April 11, 2010 at 10:05 p.m.
rolando said...

Haven't you learned yet, whatsthefuss? That's my job on this forum...mine and that of a few other conservative types here. My self-imposed duty includes stepping on the toes of those few who are smug, self-satisfied, or especially the nose-in-the-air egotistical [fill in the blank]...and rubbing their noses in the dirt of reality when needed.

You took something I said in general and made it personal...well, that is your problem, not mine. Have you read any accurate accounts of the War and its aftermath after Lincoln was shot by Booth [an undercover Northern sympathizer if there ever was one. Here's one book written in 1921 by [nucanuck will like this one] a Canadian and he writes, as he says, of the warriors not the politicians -- although there is great overlap so far.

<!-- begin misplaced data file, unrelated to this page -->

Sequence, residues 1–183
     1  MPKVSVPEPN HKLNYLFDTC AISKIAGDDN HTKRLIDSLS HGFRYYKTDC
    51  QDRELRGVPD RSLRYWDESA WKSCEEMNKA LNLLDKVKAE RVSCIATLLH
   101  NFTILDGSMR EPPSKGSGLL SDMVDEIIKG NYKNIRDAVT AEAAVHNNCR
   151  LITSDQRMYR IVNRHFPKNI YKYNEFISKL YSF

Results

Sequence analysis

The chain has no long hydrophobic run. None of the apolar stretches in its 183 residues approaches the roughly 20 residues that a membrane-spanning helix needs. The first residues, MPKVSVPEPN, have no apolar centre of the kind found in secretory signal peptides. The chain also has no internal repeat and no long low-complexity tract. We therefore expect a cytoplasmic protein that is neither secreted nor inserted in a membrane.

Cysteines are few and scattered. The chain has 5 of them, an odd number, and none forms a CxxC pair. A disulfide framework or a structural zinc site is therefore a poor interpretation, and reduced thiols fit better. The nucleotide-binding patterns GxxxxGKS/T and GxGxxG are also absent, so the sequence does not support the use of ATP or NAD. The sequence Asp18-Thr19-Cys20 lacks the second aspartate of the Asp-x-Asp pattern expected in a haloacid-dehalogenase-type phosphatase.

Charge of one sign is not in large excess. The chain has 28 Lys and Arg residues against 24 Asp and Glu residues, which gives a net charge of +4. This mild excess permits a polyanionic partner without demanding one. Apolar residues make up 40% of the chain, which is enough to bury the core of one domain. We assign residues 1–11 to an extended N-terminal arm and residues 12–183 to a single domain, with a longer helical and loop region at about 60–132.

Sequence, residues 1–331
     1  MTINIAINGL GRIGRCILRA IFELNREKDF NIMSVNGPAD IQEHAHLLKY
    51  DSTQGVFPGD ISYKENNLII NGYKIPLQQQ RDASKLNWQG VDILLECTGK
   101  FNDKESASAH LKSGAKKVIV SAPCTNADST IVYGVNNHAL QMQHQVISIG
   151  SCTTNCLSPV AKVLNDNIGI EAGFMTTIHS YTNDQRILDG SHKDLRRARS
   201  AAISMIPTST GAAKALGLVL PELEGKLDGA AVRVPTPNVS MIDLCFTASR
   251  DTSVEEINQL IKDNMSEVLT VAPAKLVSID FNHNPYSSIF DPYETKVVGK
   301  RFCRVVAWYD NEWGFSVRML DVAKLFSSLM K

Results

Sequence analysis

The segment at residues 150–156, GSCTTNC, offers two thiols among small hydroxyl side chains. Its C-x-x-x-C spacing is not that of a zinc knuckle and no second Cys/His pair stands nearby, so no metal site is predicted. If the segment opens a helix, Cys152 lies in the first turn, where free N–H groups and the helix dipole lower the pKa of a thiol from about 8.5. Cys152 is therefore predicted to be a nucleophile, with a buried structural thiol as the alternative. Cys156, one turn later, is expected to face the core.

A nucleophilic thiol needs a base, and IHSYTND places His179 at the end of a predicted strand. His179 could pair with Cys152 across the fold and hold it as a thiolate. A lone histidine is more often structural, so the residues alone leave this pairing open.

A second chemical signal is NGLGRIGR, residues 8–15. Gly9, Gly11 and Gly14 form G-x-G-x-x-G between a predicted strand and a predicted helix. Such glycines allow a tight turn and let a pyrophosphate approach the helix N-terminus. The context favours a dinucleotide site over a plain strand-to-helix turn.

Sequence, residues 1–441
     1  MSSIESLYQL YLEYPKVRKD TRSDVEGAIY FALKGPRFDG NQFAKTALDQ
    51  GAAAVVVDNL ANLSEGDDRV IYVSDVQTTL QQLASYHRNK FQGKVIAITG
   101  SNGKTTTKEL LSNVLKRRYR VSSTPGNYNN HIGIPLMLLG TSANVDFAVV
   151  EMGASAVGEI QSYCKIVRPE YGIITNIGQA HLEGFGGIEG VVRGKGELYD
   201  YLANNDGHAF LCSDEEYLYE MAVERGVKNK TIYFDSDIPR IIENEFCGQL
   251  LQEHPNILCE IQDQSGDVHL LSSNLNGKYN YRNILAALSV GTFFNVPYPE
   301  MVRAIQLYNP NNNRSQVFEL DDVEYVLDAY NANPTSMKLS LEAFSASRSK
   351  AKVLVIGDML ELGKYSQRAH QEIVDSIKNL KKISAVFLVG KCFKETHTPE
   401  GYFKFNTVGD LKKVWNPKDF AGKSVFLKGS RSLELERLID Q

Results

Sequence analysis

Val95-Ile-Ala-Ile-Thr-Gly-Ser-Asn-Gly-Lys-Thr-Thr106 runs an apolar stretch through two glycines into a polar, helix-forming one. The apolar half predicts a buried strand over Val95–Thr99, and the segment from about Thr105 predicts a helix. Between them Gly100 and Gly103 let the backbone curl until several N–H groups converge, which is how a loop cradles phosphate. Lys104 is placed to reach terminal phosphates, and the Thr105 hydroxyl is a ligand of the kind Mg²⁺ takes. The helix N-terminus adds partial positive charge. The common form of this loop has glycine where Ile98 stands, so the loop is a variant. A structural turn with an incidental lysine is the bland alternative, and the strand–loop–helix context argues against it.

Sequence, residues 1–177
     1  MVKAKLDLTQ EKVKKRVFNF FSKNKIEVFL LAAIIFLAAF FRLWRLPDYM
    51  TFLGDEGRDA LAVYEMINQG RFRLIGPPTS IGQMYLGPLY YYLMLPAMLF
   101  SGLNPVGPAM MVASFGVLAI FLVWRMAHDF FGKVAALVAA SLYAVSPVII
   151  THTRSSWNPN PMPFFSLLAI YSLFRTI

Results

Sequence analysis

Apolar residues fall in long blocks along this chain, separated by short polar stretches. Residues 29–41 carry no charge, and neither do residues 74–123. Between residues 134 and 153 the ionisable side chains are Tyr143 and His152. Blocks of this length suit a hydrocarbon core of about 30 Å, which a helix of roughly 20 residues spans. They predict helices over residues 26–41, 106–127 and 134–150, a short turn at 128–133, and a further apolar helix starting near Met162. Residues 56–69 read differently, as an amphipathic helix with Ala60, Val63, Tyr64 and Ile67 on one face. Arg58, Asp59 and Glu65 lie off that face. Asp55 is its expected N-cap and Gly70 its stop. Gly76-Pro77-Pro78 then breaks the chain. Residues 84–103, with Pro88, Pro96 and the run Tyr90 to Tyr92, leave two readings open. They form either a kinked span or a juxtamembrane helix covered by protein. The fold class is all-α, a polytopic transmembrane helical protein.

The book? "Captains Of The Civil War -- A Chronicle Of The Blue And The Gray" by William Wood, late Colonel Commanding 8th Royal Rifles and Officer In Charge Canadian Special Mission Overseas so I expect he knows a bit of what he writes. He acknowledges the "indispensable assistance of Colonel G.J. Fiebeger, a West Point expert, and of Dr. Allen Johnson, chief editor of the series and Professor of American History at Yale."

Is that Northern enough for you, whatsit?

I have only read the first 10-12 pages and it is definitely an attention getter. I have no idea how it comes out [other than the North won] or the position taken by the author. At least he seems neutral.

As for Whitney's gin, sure it worked although a gin for long-staple cotten had been around for centuries. He apparently copied the principle from the East Indians. He was so incompetent as a businessman he made little off the invention...although pirates did. Perhaps if he hadn't been a pre-war carpetbagger and charged outrageous prices for Southern farmers...